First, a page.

Bara Dora, potato potaato…?

My entire experience as a medical doctor thus far is coloured by the fact that I spent the last 2 years working at Chris Hani Baragwanath hospital (Bara), in Soweto. Asides from the short stints we did as students at the other public hospitals in and around Johannesburg, Bara is where I learnt how to function as a medic and it is almost all I know of the inner workings of a hospital. So I wasn’t surprised, just a little amused, when a few days ago, I found myself telling a patient to “…take your script to the pharmacy here at Bara…” I had to stop myself. “Sorry ma’am I meant Dora, the pharmacy here at Dora Nginza hospital…” Bara, Dora. The 2 almost sound the same in my head sometimes. The Dora experience thus far however, has been quite dissimilar…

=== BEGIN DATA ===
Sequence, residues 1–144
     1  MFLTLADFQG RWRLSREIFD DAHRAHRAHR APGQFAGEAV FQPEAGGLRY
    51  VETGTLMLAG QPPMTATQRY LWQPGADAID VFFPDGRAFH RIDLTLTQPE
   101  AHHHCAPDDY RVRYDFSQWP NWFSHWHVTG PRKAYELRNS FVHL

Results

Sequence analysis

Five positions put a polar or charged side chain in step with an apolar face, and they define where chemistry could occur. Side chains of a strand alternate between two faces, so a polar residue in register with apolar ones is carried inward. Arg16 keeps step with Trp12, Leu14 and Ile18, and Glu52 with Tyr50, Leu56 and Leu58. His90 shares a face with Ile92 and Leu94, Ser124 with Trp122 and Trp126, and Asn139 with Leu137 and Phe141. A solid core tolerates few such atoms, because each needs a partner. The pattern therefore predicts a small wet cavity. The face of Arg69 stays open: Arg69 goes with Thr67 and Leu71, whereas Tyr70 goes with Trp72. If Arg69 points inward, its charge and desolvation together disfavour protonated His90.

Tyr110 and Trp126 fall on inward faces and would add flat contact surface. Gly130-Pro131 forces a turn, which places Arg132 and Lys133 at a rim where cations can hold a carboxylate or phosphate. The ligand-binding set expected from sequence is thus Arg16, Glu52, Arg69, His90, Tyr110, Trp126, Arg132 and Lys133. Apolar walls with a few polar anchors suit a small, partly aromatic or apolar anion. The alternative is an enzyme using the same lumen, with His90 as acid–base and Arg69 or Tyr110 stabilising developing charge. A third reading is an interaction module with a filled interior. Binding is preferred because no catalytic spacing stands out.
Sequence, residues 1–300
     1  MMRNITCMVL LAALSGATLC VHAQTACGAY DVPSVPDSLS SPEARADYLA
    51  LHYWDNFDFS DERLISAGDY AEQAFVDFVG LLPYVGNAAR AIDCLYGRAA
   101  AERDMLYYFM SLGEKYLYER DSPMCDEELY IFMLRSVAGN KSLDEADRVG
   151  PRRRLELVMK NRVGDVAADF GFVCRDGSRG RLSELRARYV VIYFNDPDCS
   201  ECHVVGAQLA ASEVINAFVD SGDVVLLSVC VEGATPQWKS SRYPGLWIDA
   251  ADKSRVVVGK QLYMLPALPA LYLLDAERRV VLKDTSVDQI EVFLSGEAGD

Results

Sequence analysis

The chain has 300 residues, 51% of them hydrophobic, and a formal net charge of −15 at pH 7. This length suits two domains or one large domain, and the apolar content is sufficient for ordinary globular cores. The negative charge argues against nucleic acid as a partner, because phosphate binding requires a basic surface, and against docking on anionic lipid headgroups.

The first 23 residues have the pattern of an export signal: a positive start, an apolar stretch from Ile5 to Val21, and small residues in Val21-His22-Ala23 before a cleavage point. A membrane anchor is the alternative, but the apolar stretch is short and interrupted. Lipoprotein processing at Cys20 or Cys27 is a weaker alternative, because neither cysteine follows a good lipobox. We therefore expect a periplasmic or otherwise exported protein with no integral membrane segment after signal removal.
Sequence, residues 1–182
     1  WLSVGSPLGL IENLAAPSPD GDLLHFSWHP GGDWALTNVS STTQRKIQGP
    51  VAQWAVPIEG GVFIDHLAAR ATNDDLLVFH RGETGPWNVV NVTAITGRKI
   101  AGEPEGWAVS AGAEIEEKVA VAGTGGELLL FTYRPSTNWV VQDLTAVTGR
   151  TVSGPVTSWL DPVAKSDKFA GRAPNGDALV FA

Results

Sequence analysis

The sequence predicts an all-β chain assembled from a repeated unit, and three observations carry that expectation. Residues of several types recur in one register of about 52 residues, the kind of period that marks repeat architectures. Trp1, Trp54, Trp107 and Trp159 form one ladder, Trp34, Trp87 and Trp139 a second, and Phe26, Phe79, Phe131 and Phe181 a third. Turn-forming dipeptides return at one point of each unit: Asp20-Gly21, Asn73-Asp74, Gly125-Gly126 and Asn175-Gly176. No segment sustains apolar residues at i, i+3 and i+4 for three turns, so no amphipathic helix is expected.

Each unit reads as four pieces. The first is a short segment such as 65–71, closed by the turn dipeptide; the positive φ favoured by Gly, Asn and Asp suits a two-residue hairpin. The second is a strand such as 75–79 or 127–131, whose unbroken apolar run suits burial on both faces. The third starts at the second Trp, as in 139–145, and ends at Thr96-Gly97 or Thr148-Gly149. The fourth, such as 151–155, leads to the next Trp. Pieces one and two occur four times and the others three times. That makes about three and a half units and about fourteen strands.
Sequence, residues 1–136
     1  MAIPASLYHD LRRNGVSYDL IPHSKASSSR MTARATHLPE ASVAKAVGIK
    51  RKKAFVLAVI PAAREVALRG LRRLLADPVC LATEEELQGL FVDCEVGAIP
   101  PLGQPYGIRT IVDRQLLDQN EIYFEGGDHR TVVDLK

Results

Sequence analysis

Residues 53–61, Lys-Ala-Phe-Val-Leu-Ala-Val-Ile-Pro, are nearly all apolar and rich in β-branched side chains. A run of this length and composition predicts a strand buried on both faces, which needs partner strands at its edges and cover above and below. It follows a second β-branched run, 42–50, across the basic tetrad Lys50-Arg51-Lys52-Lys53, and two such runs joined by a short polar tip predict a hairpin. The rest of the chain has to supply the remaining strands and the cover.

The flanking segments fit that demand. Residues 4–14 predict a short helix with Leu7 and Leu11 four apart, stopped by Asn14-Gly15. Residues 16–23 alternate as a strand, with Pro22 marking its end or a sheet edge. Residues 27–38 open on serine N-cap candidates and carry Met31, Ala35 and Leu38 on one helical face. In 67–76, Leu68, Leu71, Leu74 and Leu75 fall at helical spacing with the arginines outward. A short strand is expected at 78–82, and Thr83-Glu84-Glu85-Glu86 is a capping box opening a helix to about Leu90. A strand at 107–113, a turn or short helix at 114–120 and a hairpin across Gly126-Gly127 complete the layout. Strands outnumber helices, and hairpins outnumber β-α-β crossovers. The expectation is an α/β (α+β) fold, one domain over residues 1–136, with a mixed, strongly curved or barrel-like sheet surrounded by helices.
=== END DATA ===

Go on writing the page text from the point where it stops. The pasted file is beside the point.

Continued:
I was on call for the first time out here a few days ago. From 8am on Monday to 8am on Tuesday morning I was the physician on call, or POC as they call it at my new hospital. During that time the intern and I saw about 35 patients and admitted 28. It was during this time in the admission area that my perception that my current place of work is so different from my previous hospital was most distinct. During my time on call I would clerk a patient, and while doing that I would start forming an idea in my head, of what I thought their diagnosis might be, and once I had finished the examination I would have a bit of a think about it, and maybe add to, or change something in my notes. Or perhaps I would come to the conclusion that what I had already written down was ok, and that I was happy with my working diagnosis.  I  was on call, and I had the time to think about what I was doing. I actually had time…